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Thursday, 3 June 2010

Is this gibberish REALLY how to communicate? Hard to believe – and I have a suggestion

Do you feel successful? I don't.

Yes, I have moments of euphoria, usually after I’ve written something pretty good – but it’s not long before I decide I’m useless.

So I read about a seminar in “power talking” and “communication skills” with great interest - especially when it said that 80% of people fail at work because they don’t “relate well” to other people ...“a clear case of failed communication”.
Well, the seminar was cheap, the course leader is practically a genius – “multi skilled as an Occupational Psychologist, Executive Mentor, Presenter and Counsellor” - and the subject is highly relevant.

But the copy put me off. As far as I or anyone else who cares for the English language might be concerned it was indeed a case of failed communication. It had more clichés and jargon in it than a politician’s speech.

I was promised “user-friendly, high-level skills” and “solution-focused communication techniques”. There was obsessive use of expressions based on the word “impact” – “impacts on”, “impactful”, “high-impact” and “positive impact”. And naturally that shop-soiled word "engage" popped up (why not "intrigue" or "interest"?)

If that's how people who teach communication write, it explains a lot of the mindless tripe we all have to plough though - in documents, on the internet, in meetings: everywhere.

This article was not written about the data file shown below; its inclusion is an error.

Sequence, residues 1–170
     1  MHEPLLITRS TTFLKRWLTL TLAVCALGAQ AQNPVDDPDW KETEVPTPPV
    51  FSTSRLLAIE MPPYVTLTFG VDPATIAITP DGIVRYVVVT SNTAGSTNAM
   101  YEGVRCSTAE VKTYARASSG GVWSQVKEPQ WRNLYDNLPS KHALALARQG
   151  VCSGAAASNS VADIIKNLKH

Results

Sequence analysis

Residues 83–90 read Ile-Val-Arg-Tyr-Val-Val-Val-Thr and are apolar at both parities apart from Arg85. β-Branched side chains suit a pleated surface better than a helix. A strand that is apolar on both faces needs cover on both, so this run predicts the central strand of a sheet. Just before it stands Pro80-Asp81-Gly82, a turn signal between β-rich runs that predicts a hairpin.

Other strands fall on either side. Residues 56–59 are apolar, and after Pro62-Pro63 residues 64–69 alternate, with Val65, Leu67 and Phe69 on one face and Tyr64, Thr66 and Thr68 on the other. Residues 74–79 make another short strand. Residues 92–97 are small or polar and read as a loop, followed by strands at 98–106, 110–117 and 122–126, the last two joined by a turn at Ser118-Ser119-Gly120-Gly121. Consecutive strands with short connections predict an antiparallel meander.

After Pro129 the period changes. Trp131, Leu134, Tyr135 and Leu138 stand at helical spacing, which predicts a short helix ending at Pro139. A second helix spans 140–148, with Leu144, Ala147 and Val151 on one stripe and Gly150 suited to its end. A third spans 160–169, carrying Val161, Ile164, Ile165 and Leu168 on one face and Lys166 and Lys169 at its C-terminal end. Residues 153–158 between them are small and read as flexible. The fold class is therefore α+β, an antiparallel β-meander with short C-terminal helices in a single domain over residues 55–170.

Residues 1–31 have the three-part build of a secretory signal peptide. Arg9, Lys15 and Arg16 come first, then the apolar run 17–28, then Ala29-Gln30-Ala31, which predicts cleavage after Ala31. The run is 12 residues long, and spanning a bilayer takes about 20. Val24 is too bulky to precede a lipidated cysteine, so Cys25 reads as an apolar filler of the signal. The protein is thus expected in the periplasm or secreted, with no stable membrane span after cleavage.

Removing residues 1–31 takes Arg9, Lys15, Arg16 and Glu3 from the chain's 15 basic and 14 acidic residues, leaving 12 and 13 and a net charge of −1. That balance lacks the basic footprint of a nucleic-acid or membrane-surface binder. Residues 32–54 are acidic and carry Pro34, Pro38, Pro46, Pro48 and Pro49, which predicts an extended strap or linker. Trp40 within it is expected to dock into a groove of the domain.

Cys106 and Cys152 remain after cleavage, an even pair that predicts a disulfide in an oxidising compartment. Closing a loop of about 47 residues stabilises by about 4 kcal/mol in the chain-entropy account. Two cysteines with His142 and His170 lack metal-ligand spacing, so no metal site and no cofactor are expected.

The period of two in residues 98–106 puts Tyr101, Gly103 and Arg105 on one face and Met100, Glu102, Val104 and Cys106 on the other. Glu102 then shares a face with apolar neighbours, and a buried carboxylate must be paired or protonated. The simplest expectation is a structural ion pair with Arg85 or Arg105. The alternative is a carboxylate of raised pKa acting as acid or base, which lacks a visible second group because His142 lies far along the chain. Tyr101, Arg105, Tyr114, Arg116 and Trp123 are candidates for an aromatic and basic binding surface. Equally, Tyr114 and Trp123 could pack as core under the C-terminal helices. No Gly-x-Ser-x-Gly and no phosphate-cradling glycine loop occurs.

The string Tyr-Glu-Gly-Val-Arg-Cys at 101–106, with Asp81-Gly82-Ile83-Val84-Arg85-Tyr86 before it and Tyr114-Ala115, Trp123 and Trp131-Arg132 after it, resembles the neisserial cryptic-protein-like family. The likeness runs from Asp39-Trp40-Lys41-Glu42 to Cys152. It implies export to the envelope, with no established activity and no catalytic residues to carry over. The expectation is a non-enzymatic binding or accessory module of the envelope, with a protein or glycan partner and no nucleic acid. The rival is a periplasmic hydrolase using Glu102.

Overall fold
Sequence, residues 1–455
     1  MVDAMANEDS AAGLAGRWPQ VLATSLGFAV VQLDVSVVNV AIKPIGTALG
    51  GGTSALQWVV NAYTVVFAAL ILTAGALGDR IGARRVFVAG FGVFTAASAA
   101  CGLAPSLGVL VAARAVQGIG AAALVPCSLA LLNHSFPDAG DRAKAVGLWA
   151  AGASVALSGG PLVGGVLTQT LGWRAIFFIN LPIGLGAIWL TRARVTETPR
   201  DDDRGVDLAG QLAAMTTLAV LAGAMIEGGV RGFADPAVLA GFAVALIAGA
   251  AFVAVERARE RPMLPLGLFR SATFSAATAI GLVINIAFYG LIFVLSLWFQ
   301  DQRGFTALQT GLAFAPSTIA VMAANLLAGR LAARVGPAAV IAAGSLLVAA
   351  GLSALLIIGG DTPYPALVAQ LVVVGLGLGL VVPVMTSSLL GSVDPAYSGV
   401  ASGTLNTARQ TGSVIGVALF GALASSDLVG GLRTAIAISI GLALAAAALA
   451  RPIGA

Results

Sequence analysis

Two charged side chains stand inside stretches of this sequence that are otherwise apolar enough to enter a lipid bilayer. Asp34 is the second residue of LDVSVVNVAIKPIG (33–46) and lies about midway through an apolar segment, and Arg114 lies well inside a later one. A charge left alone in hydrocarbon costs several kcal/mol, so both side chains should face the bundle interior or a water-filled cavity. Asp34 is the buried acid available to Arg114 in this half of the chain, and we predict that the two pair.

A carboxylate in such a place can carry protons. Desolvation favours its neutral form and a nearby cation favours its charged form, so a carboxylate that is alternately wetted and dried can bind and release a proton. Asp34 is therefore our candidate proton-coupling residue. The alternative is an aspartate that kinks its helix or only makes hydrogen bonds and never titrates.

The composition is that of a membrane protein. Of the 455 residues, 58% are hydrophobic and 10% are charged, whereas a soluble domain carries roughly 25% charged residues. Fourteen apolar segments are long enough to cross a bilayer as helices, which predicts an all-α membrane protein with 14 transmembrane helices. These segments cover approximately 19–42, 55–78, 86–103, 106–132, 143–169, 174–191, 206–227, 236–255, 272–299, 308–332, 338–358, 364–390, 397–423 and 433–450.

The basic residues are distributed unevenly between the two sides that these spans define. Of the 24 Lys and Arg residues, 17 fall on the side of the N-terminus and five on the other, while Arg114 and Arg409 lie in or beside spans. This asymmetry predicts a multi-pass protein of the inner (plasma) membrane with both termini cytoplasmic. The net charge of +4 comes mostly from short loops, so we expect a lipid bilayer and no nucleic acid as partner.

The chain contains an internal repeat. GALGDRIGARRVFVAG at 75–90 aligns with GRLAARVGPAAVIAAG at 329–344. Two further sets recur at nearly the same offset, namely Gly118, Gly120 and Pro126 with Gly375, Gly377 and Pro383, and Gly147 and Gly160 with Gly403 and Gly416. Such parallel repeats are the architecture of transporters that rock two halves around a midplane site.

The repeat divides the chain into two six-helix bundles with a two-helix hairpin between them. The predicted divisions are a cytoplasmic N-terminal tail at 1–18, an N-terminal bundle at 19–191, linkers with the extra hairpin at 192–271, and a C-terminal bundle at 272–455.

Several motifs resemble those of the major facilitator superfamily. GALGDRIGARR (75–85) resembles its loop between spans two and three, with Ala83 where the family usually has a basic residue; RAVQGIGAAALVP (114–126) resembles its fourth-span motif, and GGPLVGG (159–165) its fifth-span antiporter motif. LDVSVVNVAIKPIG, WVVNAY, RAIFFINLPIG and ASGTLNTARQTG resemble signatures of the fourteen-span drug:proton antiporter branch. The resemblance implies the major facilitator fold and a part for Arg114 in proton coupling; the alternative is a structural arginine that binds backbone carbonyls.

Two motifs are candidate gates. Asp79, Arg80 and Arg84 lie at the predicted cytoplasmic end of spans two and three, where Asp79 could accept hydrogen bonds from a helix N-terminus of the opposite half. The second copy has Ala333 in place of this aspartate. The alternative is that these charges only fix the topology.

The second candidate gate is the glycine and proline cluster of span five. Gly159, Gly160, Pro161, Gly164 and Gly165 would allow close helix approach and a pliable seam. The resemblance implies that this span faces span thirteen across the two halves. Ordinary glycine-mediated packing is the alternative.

Every day you are trying to get colleagues, bosses, customers – maybe family – to do what you want. Whether you like it or not, life is one long sales pitch – and most of that selling is done in writing.

So how do you avoid boring the hell out of people? How do you write well? It really matters, as two old colleagues, Ken Roman and Joel Raphaelson, revealed in their splendid book “Writing that Works”.

It seems that when the Chief Executives of top U.S. firms were asked what they would most like to change in business, the majority pleaded: “Can someone please teach people to write better?”

Now if you’re wondering where all this has been leading, let me ask you a question.

Would you or your colleagues be interested in three short webinars on how to write better? I have been teaching this for nearly 30 years, and my normal rate is £5,000 per day. But if enough of you are interested I will do them for £39 each.

In my time I’ve written books, scripts, articles, ads, brochures, presentations, speeches, emails, editorials – you name it – and got paid for them all. I’ll tell you what I’ve learned.

The last time I did a seminar on this subject it was for the world's largest conference organisers. People said the were "inspired". I can't guarantee such giddy heights of joy, but I think you'll find it worth it.

Can you take a second to email me and say if this interests you? Just write saying yes or no to Drayton@draytonbird.com.


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